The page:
In Europe the area of traditionally managed semi-natural grassland habitats has been reduced dramatically during 20th century. Main reasons are the agricultural intensification, urbanization and the abandonment of marginal land. Due to long co-evolution, those semi-natural grasslands are extreme species-rich habitats. To preserve these habitats management measures, based on the continuation of traditional agricultural practices like mowing or grazing, are essential.
Verges and embankments of transport infrastructures don’t have any direct input of artificial fertilizers or pesticides and are at least partly managed mainly because of traffic safety, slope stabilization and to facilitate transport function. As a consequence, these infrastructure habitats can function as a refuge for semi-natural grassland species, especially in highly fragmented landscapes with few or very small semi-natural habitats left. In this way, infrastructure verges and embankments can provide suitable habitat for many species, even for rare and declining species (red list species). Moreover, verges and embankments may serve as corridors or stepping stones for species thereby increasing the connectivity between habitat patches.
Flanders is a highly urbanized region with a dense network of transport infrastructure.The area covered by infrastructure verges and embankments is estimated at approximately 2% of the total surface area. For comparison, 5.6% of Flanders surface are areas with ecological conservation measurements. In Flanders, much attention is paid to infrastructure habitats because of their ecological value and potential. Ecologically orientated management plans are (being) developed and implemented in field for verges and embankments of many navigable waterways, highways and regional roads.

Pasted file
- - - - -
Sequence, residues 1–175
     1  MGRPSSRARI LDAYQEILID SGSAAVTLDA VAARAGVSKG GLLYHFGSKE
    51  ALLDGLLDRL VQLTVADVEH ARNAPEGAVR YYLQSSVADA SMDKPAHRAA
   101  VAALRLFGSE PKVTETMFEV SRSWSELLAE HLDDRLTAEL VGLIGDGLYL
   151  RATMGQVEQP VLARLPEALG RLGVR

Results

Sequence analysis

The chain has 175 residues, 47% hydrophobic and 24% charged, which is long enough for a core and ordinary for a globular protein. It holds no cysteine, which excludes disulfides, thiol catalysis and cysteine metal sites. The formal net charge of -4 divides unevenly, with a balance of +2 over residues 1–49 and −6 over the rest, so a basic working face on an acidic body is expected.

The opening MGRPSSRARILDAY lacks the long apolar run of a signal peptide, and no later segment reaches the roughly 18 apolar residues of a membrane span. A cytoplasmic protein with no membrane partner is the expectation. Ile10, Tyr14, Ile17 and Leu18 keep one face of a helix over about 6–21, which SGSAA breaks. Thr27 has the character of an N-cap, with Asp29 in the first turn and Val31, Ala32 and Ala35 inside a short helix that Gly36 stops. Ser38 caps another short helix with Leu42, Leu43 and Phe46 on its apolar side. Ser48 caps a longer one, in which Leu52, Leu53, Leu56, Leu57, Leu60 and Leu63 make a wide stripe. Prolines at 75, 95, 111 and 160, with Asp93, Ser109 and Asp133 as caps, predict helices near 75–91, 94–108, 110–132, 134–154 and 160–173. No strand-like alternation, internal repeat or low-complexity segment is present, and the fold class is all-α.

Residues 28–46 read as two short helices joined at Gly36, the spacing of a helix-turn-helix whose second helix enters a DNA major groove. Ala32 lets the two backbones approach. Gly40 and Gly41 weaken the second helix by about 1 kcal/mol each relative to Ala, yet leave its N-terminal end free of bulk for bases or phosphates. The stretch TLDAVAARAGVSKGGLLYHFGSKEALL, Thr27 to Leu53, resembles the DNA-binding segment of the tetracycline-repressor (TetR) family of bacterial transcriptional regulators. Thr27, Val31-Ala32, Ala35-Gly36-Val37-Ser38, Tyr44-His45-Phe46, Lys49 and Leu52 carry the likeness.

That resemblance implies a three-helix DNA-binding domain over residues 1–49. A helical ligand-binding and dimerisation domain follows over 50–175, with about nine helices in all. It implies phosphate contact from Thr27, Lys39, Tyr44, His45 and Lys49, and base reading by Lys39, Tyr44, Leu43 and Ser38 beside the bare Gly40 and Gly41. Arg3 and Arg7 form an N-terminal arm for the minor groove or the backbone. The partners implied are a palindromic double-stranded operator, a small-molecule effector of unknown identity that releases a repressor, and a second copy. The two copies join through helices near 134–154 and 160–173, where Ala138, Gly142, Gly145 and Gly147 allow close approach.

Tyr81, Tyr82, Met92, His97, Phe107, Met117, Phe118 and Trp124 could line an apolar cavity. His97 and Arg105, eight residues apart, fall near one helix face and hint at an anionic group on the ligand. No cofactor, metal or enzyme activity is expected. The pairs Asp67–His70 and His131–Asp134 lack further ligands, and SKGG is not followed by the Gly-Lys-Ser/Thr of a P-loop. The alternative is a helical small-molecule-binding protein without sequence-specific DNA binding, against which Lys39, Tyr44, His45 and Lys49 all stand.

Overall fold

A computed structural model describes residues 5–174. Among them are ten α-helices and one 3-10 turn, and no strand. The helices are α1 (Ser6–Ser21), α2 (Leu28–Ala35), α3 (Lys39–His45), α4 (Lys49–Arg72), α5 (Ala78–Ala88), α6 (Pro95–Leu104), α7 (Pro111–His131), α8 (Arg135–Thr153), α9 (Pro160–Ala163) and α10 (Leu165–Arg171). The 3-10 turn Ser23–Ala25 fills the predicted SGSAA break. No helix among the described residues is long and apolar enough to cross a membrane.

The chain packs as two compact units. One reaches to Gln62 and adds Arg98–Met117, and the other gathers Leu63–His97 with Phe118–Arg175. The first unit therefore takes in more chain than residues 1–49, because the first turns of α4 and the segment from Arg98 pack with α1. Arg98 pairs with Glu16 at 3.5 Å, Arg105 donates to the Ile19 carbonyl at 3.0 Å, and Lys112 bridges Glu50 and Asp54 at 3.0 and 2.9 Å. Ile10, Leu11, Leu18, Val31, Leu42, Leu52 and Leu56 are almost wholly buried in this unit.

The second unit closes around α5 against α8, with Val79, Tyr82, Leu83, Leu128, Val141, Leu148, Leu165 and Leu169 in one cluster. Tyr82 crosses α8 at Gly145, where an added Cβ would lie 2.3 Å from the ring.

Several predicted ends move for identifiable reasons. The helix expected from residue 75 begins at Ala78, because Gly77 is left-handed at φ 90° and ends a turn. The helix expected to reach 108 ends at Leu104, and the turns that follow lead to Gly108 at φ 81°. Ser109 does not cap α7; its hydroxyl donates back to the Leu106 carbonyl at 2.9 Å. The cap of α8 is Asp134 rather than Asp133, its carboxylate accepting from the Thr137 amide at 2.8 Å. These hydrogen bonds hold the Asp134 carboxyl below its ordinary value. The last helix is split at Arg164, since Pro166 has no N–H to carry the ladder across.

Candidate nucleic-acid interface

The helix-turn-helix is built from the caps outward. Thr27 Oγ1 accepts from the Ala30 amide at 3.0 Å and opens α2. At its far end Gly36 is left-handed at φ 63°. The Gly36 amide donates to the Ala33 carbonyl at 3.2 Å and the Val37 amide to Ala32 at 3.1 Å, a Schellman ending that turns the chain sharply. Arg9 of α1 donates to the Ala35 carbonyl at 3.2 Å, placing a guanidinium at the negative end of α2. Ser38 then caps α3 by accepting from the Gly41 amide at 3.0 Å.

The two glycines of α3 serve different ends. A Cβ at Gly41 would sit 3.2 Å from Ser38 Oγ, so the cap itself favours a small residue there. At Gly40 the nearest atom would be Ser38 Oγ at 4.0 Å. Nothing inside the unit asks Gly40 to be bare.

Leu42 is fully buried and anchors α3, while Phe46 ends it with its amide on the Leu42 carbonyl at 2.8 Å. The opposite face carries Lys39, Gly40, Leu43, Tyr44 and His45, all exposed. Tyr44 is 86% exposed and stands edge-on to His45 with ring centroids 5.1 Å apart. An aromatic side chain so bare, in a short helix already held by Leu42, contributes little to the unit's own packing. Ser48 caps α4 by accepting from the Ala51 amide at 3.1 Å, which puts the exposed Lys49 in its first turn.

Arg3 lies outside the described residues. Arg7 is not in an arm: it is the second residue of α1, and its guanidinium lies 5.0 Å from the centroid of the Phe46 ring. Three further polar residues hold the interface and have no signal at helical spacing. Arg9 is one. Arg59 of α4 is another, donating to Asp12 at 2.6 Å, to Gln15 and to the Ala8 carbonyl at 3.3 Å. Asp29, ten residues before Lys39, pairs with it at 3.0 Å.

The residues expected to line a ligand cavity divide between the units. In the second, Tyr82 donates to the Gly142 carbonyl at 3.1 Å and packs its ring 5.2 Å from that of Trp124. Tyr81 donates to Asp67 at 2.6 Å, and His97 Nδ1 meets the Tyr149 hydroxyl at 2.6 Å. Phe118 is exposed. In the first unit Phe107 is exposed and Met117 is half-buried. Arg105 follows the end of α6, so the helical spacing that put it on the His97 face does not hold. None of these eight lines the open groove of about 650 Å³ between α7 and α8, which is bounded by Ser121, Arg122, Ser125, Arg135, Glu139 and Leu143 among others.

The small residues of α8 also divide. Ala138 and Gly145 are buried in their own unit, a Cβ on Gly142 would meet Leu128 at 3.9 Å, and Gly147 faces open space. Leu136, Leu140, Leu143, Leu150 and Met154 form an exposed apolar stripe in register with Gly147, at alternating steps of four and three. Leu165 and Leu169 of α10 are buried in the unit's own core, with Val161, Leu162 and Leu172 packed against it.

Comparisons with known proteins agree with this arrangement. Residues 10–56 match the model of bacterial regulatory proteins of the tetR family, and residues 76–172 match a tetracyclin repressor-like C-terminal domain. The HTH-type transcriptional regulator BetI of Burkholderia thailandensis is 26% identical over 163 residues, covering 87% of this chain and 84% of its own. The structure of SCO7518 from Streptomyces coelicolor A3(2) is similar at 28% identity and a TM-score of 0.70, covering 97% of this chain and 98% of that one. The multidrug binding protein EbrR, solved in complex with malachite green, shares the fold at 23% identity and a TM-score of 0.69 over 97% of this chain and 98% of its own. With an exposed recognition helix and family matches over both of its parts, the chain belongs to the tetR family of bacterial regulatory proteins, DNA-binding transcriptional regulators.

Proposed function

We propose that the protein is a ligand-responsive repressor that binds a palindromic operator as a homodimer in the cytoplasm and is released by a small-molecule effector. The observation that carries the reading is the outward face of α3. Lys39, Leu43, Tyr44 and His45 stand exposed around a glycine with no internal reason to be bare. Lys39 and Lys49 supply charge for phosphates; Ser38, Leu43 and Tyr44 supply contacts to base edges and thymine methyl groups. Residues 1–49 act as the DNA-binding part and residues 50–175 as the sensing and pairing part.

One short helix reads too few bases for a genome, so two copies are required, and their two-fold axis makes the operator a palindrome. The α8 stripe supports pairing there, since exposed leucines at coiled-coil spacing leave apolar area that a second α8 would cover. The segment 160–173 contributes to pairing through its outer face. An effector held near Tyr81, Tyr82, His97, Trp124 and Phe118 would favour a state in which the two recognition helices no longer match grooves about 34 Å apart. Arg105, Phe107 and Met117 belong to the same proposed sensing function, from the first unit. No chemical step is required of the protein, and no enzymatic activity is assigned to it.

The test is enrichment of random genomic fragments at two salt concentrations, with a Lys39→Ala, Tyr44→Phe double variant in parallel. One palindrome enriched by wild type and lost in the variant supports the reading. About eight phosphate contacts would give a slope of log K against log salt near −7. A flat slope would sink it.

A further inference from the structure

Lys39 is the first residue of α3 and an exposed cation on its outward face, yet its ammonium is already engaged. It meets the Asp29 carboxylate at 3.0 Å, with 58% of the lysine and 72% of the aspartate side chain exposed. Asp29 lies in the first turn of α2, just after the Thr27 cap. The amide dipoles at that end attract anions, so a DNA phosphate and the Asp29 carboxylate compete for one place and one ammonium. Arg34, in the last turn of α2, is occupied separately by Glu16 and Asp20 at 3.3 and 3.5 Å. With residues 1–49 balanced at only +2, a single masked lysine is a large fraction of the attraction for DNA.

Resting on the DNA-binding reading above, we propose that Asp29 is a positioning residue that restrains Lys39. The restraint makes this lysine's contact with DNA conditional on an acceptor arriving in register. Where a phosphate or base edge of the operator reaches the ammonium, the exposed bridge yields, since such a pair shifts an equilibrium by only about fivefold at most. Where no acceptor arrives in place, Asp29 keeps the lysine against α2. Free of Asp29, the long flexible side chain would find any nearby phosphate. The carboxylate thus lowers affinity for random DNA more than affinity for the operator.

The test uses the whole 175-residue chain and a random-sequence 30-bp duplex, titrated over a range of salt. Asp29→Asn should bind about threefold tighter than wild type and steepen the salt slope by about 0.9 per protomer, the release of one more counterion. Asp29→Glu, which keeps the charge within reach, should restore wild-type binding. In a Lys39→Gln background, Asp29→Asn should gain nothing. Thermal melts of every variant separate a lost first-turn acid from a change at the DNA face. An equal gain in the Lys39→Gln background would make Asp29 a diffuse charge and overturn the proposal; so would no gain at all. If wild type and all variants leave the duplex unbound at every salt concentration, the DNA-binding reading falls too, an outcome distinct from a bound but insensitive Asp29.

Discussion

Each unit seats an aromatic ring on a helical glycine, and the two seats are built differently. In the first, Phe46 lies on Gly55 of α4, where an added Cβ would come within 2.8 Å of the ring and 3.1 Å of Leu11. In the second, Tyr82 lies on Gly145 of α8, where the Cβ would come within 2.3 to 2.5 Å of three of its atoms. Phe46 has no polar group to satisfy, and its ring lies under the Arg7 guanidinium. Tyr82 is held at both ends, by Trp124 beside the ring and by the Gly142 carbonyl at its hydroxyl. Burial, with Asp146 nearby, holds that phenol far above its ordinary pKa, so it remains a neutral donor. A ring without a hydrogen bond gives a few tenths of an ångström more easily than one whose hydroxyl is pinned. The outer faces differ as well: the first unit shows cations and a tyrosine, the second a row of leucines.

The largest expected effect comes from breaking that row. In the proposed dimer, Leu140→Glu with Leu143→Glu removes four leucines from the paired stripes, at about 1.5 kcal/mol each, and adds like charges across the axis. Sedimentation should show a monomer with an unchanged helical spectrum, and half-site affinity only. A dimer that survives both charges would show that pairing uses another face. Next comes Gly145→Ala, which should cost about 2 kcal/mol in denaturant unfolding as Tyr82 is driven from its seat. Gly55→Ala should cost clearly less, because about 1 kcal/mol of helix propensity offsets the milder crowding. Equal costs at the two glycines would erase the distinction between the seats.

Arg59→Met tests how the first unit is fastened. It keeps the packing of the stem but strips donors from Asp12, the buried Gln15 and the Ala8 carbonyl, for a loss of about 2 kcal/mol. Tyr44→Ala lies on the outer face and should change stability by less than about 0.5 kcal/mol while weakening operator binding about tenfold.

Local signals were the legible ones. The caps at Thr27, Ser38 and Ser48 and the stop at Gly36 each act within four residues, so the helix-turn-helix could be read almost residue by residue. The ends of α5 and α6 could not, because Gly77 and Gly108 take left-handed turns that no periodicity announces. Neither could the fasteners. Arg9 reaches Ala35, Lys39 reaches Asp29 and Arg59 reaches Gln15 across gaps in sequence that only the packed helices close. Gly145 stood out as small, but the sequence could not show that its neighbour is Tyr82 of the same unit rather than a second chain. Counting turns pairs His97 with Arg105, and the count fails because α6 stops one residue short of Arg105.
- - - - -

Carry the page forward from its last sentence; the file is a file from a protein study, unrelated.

Major principles in these management plans are:• Target to semi-natural grassland vegetation by the introduction or continuation of mowing or grazing measures;• Adjust management measures in such way that rare and declining species can set seed or reproduce;• Take into account the ecological and landscape values adjacent to the transport infrastructure;• For wide verges, aim for a diverse vegetation structure by creating a mosaic of short herbaceous vegetation, tall-herbs, shrubs and trees;• Vegetation management measures should be carried out in an ecological appropriate way during a long period of time.
The basis of the management plans is an inventory of occurring ecological values along the verges and embankments. In a further step, ecological targets are assigned. With this information appropriate management measures are proposed.
Expected results of the application of ecologically orientated management plans are the development or maintenance of flower-rich semi-natural grassland vegetation with rare or declining plant or animal species. Consequently, infrastructure verges and embankments should be seen as opportunities to strengthen green infrastructure and ecological networks.
verges, embankments, management, semi-natural grassland